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Sexual Abuse Cases Change Archdiocese Policy

January 25, 2002|From Associated Press

BOSTON — Cardinal Bernard Law broke from long-standing church policy Thursday and said he will now require clergy and officials of the Archdiocese of Boston to report to authorities even past allegations of sexual abuse by priests.

Law also named a panel of medical experts and educators to look at the archdiocese's policy on dealing with victims and preventing sexual abuse of children.

"This is a tall order and what I am sharing with you now is the beginning of a process, the beginning of a journey," Law said, as he again apologized to those victimized by priests.

Law had announced this month that clergy and archdiocesan officials would be required from now on to report allegations of sexual abuse to authorities, not just to church officials, as the Vatican had ordered. His policy, however, was not retroactive, meaning it did not apply to past allegations.

Law has said anything learned through confession or spiritual counseling would not be revealed. He gave no indication whether that would be changed.

"If carried out, it seems to be an honest and forthright effort to deal with a specific problem," said Tom Fox, publisher of the National Catholic Reporter. "The larger question is, what is it within the priesthood that's creating a problem that's allowing these problems to continue."

Law's announcement came at the close of a two-day archdiocese meeting with 500 priests, and the same day 10,000 pages were released detailing how Catholic leaders continued to support the former priest, John Geoghan--and transferred him from parish to parish--even after warnings from doctors and allegations of sexual abuse of children.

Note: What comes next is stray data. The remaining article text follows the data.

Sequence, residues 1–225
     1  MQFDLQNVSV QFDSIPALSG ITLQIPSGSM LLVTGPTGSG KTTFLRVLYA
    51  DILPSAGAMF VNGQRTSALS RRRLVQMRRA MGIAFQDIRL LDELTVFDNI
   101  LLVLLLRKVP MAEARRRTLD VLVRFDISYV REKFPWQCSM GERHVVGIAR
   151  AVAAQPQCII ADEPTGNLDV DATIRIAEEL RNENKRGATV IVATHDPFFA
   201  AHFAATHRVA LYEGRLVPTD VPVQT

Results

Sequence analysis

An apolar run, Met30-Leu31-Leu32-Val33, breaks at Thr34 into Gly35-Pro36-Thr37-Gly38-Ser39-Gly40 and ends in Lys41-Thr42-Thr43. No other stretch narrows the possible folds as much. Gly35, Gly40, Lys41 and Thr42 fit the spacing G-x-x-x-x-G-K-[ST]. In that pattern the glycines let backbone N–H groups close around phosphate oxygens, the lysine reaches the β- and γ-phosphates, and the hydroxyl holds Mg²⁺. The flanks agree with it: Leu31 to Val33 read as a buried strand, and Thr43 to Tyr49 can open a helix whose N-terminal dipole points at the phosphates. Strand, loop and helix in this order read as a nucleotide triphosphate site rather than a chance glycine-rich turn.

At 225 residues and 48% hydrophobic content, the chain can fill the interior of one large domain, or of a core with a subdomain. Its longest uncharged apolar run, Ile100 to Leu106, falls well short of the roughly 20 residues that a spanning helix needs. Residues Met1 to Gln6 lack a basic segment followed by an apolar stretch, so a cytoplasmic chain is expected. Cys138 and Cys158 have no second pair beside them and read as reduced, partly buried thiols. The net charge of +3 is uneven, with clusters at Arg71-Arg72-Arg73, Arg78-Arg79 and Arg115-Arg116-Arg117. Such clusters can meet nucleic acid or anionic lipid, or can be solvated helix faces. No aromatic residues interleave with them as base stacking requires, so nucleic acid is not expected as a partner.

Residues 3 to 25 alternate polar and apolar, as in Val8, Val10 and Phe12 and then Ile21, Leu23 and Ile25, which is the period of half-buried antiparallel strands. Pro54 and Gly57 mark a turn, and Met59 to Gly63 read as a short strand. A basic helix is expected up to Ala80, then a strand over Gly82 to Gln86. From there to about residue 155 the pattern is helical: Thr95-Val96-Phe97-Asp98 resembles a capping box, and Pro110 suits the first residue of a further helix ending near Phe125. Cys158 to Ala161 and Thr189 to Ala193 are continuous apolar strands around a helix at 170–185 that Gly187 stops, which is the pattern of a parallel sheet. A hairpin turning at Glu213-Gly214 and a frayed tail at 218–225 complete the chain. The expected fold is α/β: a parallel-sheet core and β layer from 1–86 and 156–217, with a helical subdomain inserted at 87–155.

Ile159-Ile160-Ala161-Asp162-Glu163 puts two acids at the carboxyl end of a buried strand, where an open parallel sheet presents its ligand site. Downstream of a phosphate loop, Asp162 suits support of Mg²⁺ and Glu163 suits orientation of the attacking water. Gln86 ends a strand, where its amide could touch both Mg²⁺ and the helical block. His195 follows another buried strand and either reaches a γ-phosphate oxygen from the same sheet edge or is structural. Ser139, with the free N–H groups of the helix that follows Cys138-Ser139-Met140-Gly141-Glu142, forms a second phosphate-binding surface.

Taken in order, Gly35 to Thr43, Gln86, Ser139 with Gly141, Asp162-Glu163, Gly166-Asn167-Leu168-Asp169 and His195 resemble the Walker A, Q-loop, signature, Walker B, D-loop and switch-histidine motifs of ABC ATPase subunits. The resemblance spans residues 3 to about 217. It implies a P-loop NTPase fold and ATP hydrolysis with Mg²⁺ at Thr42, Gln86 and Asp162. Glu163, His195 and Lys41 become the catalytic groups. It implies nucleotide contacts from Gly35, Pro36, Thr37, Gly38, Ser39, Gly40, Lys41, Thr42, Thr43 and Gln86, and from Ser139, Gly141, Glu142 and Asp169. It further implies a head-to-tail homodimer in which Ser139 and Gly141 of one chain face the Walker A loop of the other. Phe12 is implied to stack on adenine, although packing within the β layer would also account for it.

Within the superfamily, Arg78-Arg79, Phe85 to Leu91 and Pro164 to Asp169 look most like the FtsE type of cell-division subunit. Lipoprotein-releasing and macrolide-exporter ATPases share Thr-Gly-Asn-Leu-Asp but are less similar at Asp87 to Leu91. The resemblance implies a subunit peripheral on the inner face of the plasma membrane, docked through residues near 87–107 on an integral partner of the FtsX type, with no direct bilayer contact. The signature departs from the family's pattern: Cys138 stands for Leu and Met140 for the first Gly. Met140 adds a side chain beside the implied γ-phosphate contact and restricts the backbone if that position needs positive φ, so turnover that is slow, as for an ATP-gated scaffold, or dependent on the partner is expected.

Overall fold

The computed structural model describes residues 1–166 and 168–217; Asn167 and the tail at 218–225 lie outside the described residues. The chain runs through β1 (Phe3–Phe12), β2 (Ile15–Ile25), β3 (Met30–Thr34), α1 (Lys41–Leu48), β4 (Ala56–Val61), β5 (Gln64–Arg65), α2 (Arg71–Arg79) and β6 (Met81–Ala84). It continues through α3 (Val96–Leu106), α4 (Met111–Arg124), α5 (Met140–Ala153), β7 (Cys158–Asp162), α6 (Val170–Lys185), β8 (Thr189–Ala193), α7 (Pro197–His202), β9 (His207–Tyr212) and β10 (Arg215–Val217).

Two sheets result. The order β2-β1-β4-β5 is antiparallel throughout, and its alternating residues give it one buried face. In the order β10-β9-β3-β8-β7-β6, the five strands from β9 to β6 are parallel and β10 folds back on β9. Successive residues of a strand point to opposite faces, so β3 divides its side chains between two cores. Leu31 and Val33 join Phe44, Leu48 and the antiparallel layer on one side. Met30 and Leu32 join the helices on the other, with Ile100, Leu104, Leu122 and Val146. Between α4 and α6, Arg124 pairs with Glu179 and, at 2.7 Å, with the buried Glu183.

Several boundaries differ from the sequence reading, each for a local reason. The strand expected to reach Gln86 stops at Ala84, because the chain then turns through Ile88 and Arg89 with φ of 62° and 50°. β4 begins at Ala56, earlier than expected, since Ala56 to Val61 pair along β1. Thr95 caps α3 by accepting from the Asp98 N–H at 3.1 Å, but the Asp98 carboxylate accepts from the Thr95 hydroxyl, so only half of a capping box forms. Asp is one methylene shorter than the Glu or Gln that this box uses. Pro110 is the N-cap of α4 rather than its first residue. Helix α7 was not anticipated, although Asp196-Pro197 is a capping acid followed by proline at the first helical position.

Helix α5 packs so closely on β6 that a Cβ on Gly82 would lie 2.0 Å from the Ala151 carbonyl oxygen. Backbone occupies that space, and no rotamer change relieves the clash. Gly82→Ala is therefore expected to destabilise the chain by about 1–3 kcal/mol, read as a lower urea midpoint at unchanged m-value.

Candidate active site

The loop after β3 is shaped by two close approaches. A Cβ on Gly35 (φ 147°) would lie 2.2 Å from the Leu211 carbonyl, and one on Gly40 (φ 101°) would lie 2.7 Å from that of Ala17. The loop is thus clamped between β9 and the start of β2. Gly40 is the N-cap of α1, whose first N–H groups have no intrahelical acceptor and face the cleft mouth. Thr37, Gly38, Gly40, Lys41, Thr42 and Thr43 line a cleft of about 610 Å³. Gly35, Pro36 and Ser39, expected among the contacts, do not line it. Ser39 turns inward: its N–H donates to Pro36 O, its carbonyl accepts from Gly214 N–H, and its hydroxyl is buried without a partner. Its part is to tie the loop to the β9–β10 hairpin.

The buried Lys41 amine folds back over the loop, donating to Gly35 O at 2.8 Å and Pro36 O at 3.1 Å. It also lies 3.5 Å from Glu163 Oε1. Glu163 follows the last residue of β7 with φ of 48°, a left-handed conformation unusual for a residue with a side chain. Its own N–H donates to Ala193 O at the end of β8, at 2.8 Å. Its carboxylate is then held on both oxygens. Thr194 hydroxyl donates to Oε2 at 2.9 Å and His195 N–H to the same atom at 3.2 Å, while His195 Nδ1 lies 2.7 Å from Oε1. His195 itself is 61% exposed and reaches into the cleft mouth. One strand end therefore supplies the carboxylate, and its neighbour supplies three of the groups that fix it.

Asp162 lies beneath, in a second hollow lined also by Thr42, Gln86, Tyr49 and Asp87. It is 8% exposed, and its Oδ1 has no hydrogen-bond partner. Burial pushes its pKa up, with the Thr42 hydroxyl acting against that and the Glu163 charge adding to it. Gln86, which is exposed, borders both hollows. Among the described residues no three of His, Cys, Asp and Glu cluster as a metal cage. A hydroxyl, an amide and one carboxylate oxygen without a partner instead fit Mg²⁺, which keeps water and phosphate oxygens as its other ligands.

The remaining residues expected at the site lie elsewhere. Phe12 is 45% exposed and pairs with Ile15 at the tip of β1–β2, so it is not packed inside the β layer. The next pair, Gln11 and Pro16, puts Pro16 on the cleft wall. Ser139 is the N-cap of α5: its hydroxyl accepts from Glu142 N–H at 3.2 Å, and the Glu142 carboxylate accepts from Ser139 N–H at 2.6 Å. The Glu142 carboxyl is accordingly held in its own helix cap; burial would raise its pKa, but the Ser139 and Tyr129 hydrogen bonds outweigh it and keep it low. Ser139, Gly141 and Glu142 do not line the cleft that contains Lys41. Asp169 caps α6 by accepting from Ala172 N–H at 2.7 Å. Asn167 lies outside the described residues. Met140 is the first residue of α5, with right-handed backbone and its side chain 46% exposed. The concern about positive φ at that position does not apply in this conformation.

Geoghan, who has been accused of molesting 130 youngsters, was convicted last week of fondling a 10-year-old boy in a swimming pool and faces two more criminal trials. He is also named in 84 lawsuits.

Legislation under consideration by state lawmakers would require clergy to report evidence of sexual abuse of children to the Department of Social Services, as doctors, teachers and social workers are required to do.

The court papers released Thursday include transcripts of depositions that show how even as colleagues became aware of accusations against Geoghan, they failed to notify authorities.

Geoghan, 66, was defrocked in 1998. More than 130 people have alleged that Geoghan fondled or raped them between 1962 and 1995. Law has said he knew about Geoghan's problems in 1984.

The papers show praise from Law for Geoghan's "effective life of ministry, sadly impaired by illness," and little mention of the alleged victims.

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